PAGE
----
Tool Review: Storify

Using Storify to Support Multimodal Learning and Multimodal Composition

Storify is a social networking site that let’s you curate content from other social media sites and from across the web to create “stories” of particular events. Storify has particularly been used to catalogue responses to news events like elections, but has also been used within the academic world to curate social media posts and content from conferences all in one place. Though not intended to be a pedagogical tool, Storify can be useful in an online writing class as a way to promote multimodal thinking to help students create simple multimodal compositions.

Storify is a web program that can be accessed at Storify.com that is used to bring together web content in one place to create a type of multimodal narrative. It has typically been used socially, but has increasingly been used as a venue for online journalism providing up-to-the-moment updates about events, as a vehicle for activism, or for organizations to create a record of events. Recently, Storify has embraced the journalistic and institutional uses of the program and created Storify 2, which is meant to be a collaborative curation publisher. However, this review will focus exclusively on the original, free version of Storify.

Though not created to be a pedagogical tool, I think Storify is an appropriate and useful tool in an online first-year composition class because it is a free tool that is useful for many different kinds of assignments, is relatively easy to use, and compositions created within it are easily shared. Ultimately, Storify’s strengths lie in its ability for students to easily craft texts that integrate alphabetic text, social media content, images, GIFS, and videos with the ability to search for much of that content in one place.

In discussions of their use of Storify in the writing classroom, writing instructors typically focus on its use for low-stakes multimedia assignments or its use as an introduction to research. Bridget Gelms claims, “Composing reading responses and reflections using Storify gives students the option to create intertextual, multimodal documents where they can interact and engage with the material.” I have used Storify in a similar fashion. Prior to discussing a reading in class, I’ve asked students to create a buzzfeed-like “story” of the top 5 most important ideas from the reading as way to get them to engage in the material. This is not only a creative way to get students engaged, but can also be an opportunity to get them to think about a genre they encounter in their everyday lives, the listicle. Finally, assignments like this are also a way for students to express themselves and share their interests in ways that help the instructor and other classmates get to know them better. For example, last semester when I used Storify in a first-year composition class, I had a student that managed to use GIFs and images from the show Parks and Recreation in every Storify assignment. His ability to incorporate media that aligned with his interests outside of the classroom allowed me and his classmates to get to know this facet of him. Having students create and share Storify assignments with each other in the online classroom could support OWI Principle 11, “Online writing teachers and their institutions should develop personalized and interpersonal online communities to foster student success.” Storify allows integration of personal social media content as well, which could offer students the opportunity to share aspects of their lives outside the classroom and connect with each other through this knowledge.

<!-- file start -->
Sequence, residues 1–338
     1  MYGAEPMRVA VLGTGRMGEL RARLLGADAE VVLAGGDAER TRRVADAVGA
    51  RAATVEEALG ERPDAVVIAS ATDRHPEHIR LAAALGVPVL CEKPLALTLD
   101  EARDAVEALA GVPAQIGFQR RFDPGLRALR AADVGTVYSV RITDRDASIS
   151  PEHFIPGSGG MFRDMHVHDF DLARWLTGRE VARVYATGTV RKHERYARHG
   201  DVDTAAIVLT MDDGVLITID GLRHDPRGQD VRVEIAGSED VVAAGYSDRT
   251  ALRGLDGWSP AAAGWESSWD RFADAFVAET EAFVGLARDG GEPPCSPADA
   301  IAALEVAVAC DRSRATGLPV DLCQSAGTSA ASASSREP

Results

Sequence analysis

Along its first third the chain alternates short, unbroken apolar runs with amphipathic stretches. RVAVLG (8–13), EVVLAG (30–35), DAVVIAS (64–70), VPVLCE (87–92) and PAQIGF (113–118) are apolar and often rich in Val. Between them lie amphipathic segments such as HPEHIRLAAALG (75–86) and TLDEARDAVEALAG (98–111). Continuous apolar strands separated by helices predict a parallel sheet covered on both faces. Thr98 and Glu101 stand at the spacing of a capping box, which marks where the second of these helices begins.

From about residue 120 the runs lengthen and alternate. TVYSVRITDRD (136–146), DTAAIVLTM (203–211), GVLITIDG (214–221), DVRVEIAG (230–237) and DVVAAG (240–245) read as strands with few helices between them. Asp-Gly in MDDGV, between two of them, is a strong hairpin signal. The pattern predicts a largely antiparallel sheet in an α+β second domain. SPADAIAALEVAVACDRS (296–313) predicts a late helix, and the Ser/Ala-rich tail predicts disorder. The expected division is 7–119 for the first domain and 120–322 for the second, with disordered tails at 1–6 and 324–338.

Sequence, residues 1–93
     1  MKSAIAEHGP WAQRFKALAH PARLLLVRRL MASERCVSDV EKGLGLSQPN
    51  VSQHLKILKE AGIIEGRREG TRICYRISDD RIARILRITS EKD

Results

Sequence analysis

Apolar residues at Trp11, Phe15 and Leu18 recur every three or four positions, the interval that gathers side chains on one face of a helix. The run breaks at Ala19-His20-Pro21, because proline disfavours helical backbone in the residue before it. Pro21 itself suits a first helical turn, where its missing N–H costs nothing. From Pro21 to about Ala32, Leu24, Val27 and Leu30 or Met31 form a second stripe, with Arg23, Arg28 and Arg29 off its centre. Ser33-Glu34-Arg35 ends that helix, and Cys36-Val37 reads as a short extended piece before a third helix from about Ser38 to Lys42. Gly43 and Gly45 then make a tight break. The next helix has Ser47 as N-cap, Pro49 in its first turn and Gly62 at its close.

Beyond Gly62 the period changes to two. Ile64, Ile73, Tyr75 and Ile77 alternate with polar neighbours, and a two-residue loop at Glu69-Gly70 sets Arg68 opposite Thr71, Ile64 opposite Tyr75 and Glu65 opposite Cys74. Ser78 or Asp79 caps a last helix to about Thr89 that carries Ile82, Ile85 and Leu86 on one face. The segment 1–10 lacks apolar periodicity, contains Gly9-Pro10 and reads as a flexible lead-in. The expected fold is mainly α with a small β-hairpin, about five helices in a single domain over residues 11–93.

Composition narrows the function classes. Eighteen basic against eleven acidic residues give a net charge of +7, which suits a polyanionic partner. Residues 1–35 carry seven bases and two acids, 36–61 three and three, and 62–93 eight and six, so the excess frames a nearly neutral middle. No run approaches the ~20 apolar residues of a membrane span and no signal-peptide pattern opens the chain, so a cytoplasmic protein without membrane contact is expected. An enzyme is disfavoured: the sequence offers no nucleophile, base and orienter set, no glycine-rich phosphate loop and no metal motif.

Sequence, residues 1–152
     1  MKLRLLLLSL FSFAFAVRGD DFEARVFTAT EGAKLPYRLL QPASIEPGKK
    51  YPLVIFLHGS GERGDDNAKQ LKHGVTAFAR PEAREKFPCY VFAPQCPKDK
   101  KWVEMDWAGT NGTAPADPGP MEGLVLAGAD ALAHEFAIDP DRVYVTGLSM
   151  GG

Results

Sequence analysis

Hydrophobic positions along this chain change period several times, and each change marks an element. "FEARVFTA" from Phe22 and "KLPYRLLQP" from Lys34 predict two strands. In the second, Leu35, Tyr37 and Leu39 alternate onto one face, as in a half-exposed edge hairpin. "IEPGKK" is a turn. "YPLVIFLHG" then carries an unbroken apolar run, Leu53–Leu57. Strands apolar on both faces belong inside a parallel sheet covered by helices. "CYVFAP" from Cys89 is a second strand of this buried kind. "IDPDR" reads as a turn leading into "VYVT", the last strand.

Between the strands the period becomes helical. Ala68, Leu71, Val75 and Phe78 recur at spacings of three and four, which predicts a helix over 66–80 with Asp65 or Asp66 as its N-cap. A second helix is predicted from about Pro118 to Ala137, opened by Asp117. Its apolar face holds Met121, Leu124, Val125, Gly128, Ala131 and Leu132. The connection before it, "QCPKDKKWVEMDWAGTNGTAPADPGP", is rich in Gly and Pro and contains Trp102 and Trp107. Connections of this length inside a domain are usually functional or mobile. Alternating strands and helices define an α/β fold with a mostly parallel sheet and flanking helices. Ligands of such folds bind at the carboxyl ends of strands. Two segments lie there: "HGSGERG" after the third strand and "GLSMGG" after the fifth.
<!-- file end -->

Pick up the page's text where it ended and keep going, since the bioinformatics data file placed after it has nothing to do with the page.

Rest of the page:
Gelms also discusses how she uses Storify as a way into the research process, asking students to discover and create a story from the online conversations happening about their research topic. In this way, Storify can help students enter the Burkean Parlor of their topic, realizing that it is part of an ongoing conversation, as opposed to a fixed topic that they are simply finding sources about. Rebecca Harris also discusses her use of Storify as an introduction to research. She claims:

Because the site lets you collect different types of information and visual material from around the web, I felt that the site would introduce my students organically to the process of integrating research into their writing.  Where you would slide a link or a photo into your story, you would use an academic source in a more traditional research paper.  To my mind, the evolution from story to research was more natural than jumping feet first into the world of databases, academic monographs, and bibliographies.

Harris is ultimately pointing out the scaffolding potential to help students understand how, why, and when to integrate research into their writing.